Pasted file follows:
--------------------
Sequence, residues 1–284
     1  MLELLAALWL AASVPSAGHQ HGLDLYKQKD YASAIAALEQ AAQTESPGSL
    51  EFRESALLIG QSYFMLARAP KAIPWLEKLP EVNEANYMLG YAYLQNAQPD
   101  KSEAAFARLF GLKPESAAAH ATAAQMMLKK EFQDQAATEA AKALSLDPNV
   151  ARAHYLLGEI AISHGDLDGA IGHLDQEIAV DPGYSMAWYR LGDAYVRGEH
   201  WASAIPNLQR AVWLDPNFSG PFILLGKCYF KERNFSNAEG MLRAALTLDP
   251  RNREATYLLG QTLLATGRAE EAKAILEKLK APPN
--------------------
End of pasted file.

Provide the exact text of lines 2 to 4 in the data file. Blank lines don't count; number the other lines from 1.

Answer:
     1  MLELLAALWL AASVPSAGHQ HGLDLYKQKD YASAIAALEQ AAQTESPGSL
    51  EFRESALLIG QSYFMLARAP KAIPWLEKLP EVNEANYMLG YAYLQNAQPD
   101  KSEAAFARLF GLKPESAAAH ATAAQMMLKK EFQDQAATEA AKALSLDPNV